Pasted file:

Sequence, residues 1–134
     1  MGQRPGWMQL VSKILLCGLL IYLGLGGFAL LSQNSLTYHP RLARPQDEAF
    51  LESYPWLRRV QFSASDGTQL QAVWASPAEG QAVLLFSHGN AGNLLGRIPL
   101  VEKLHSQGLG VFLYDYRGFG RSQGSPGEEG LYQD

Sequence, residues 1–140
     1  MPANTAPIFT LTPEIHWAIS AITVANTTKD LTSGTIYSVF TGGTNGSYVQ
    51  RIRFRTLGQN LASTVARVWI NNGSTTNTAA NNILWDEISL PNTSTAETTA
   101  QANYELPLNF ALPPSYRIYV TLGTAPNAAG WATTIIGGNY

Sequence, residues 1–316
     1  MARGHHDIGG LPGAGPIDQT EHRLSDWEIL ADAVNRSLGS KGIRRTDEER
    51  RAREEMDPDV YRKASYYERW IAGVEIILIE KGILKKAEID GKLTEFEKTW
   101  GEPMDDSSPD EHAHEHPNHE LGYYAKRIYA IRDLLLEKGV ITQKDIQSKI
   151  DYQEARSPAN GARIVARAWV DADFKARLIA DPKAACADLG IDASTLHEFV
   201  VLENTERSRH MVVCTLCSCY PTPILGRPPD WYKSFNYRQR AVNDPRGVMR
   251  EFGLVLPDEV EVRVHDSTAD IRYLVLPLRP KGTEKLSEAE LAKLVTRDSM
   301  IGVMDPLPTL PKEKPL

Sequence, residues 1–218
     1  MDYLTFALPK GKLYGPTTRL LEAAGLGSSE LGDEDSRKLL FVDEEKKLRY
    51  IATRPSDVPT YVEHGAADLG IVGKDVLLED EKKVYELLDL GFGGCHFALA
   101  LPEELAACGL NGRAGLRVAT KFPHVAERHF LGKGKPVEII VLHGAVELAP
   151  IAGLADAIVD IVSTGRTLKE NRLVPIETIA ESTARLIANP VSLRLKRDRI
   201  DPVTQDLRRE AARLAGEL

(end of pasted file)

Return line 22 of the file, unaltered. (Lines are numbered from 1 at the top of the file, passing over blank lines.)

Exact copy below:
   201  DPVTQDLRRE AARLAGEL